The complexity of enterprise mobility needs resolving


There has been a lot of hype surrounding the integration of enterprise mobility into organizations and in particular about how IT decision makers will respond to the challenges arising from the plethora of operating systems, devices and service providers available on the market. As the mobile enterprise opportunity evolves, new players are entering the sector and the diversification of products, applications and services continues to increase.

Although Blackberry OS is still the most widely deployed operating system on the market, its popularity is gradually receding and opening up space for new operating systems and devices. Evidence for how this is going to change the market is supported by recent research. According to a Yankee group survey of US IT decision makers only 25% of the organizations are planning to support Blackberry OS in the next two years, while iPhone and Android are favored by respectively 34% and 28% of IT decision makers. This means that Blackberry will soon be overtaken as the most popular OS supported by enterprises.

The statistics clearly show that there is a trend towards diversification of the the number of operating systems and devices supported by the enterprise as there is room for multiple players in this field. Similarly, as device manufacturers and mobile software providers are developing more ‘enterprise friendly’ products, the number of enterprise applications adapted to the mobile platform will increase and there will be further proliferation of new services.

Currently email and access to the corporate database are the most popular applications available through the mobile platform. However, IT decision makers are increasingly looking to add additional capabilities to the mobile platform including unified communications, customer management applications and sales force automation among the most popular ones.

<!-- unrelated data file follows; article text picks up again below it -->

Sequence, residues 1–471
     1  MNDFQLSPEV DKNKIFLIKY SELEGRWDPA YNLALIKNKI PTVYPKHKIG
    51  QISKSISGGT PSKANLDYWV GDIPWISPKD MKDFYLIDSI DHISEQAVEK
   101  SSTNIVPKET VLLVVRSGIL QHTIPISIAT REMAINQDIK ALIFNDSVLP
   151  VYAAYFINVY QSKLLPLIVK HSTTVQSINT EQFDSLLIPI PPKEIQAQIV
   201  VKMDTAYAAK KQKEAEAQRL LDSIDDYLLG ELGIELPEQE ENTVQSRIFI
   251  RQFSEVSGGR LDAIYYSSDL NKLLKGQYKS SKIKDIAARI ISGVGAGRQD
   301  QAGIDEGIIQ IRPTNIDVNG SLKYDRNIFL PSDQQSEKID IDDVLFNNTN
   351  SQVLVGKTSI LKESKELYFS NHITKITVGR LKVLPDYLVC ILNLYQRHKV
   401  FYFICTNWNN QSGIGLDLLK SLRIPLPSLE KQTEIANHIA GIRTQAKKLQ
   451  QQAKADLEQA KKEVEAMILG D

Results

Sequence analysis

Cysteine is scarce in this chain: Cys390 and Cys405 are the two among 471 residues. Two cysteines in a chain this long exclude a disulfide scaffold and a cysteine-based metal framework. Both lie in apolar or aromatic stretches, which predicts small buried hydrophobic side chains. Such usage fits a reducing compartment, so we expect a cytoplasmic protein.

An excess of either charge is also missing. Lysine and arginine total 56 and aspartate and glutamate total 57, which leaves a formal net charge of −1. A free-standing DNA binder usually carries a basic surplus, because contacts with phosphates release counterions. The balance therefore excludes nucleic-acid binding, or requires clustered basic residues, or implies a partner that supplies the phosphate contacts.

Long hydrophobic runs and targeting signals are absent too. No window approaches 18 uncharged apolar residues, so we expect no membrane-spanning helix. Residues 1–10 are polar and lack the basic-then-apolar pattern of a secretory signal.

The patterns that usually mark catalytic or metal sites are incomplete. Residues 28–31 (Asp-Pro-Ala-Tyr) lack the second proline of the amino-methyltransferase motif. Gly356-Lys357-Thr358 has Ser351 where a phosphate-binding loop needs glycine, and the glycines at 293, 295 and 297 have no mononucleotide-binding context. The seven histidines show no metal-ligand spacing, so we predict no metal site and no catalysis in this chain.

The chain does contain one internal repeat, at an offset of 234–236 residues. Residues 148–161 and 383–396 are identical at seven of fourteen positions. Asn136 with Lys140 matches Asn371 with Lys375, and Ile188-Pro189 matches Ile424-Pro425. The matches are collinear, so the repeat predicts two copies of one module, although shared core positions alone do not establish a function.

Many players will be involved in making this happen, including device manufacturers, mobile operators, hardware vendors, application developers, mobile software vendors and additional services providers. The role of service providers will be increasingly important in resolving the complexity of the enterprise mobility market and offering flexible support platforms to aid application developers in adapting their applications to the multiple Oss and devices available on the market.

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Recognising a need in the fast growing mobile industry to provide the first truly affordable handset testing service, Faraz founded DeviceAnywhere in April 2003. Prior to launching DeviceAnywhere, Faraz was the Director of Solutions at Brience, a mobile WAP applications company, and a Technical Architect at KPMG Consulting. While employed with Brience, he experienced the difficulty and expense required to develop new mobile applications when teams often had to travel abroad to set up testing labs and independently purchase new handsets. The challenge facing the industry presented Faraz with the vision for founding DeviceAnywhere. Faraz has also held technical positions at Oracle, KLA Tencor and AMD. He holds a MS in Electrical Engineering from Stanford University and a BS in Electrical Engineering from the University of Texas at Austin. He is also the lead singer for a local rock band, Kaif.